As a person who is very familiar with the difficulties of remaining motivated first hand, I’ve tried different techniques to overcome this challenge. My perfectionism and constant desire for self development have always added pressure to my awkward relationship between the planning of something and its actual execution.
- Planning to start my ideal life from next Monday or perhaps Tuesday… or after the holidays. In other words, I create an impossible plan and then successfully fail to accomplish it. My unachievable, but so desirable schedule may look like this – wake up early in the morning, do an hour of strenuous exercise then learn Turkish for one hour, followed by an hour of reading Spanish, watch a tutorial on digital marketing, write an article, cook, learn how to edit a video, edit a video, work on my Easy shop etc. etc. However, when unpredictable circumstances disrupt my plans, which is unavoidable, I get discouraged. When this happens I want to start everything from scratch again, so I write off the entire day because my plan didn’t go as I had wanted it to. Control freak:) I feel ashamed to name all my undertakings that never saw the light of day. Have you ever gotten really excited by something to only then lose interest in it just as quickly? I have wanted to try everything – from teaching yoga to creating apps.
- Procrastination. Another favourite sin of a perfectionist is procrastination. The reason is simple – I do not know how to do it perfectly yet so I won’t do it at all. Even though everyone says that success comes only with perseverance and learning from your mistakes – I didn’t wanna hear it. Actually, it also comes from society`s obsession with success. Unfortunately, often we see only the end results and a very few real stories about the hardships and suffering that those successful people experienced along the way.
- Endless soul searching can be another form of procrastination. I spent around 3 years wondering if I was going to get a sign from the Universe about the purpose of my life. How many articles have been read and deep conversations held dedicated to the mysterious idea of finding the one and only destination or real life goal?
The thing is none of this makes any sense. And perhaps, it would be better to realise that earlier rather than later.
About procrastination and perfectionism:
Is perfectionism a form of noble laziness or a fear of failure? I don’t know, but it is not important. What is important is to find a way to trick your inner perfectionist.
How to do that:
–Stop talking, start doing. All the energy that you spend on talking will be redirected towards action and will bring about a lot off fruitful results.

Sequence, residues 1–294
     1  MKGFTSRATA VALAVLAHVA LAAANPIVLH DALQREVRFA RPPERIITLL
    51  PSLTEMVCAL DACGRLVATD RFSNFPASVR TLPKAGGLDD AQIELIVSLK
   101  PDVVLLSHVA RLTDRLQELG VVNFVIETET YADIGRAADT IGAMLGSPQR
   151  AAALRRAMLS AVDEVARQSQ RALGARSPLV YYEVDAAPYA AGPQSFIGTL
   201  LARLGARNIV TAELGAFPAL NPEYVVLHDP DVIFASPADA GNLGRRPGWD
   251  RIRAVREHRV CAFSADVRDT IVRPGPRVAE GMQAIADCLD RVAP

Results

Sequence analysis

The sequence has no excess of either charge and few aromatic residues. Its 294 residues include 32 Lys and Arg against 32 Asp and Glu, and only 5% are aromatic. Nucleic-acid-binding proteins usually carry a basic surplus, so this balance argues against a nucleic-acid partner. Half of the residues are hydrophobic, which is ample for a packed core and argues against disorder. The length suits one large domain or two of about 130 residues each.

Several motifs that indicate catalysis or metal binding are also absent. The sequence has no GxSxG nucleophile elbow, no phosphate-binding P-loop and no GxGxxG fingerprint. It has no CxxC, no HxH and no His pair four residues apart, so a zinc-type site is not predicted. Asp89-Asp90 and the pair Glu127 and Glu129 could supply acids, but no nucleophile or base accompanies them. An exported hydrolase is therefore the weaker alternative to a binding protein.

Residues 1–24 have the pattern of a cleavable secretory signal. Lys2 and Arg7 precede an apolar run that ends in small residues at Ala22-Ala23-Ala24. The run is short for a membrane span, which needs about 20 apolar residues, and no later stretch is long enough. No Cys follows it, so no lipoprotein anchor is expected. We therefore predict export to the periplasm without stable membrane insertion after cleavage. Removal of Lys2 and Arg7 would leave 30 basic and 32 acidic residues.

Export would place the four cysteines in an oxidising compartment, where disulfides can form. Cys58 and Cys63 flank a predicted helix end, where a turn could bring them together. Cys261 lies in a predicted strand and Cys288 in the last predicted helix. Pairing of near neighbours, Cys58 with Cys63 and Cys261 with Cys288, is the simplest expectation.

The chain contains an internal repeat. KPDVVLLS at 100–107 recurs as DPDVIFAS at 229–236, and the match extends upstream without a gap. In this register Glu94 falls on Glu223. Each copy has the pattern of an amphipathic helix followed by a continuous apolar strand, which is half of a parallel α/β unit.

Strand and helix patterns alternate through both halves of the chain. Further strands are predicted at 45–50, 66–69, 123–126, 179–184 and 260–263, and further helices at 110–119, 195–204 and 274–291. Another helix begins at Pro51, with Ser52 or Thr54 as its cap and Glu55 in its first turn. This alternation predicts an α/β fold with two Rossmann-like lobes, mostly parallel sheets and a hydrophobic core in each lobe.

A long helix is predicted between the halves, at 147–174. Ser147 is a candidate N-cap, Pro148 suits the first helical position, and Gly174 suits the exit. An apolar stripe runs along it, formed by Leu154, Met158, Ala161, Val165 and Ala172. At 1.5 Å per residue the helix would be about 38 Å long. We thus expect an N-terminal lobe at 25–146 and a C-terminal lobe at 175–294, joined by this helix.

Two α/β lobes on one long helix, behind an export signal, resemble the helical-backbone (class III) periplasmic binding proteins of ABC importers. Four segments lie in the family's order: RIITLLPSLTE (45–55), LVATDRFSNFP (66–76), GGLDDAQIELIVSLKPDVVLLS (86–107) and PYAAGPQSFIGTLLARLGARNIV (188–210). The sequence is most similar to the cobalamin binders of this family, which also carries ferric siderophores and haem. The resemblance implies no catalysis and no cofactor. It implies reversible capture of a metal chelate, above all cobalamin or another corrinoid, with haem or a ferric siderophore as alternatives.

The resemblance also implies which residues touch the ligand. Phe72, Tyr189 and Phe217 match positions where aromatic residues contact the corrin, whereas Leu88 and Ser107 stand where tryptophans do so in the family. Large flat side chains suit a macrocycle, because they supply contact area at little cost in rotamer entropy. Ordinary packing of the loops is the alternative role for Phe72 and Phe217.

– Trick yourself into doing something. Sometimes the hardest part is to start. Plan to dedicate 15-20 minutes per day to something that you want to learn or achieve, but do it regularly. It is easier to do 15 minutes of yoga every morning in your house than spend hours in the gym. Studying a language for 15 minutes a day does not look like such a hard task. You may even like it and spend more time on it, but what is important is to start.
–Take on a challenge. Define a goal like – I will spend 6 months on developing my social media and I will do this, that and that to reach a curtain number of followers. It will help you learn a lot and understand if it is something that you like and may continue doing.
About soul searching:
- You can only understand if you like something or not after trying it
- You will really start to enjoy something once you have gained some level of expertise and see initial achievements. The feeling of being an expert in something will boost your confidence sky high and is totally worth the effort
- Wondering does not get you anywhere, however trying does. Even if in the end you decide that it is not your purpose you will eliminate one of the many possibilities. You will also have had a useful experience that you can add to your skill set. Nowadays having a grasp of different disciplines is much more valuable than limiting yourself to one particular field.
I wish I had processed these ideas much earlier. Whilst I was previously aware of their existence, it took considerable time to come to accept them in practice. I guess in the end we do learn from our mistakes, but only if we are open to change.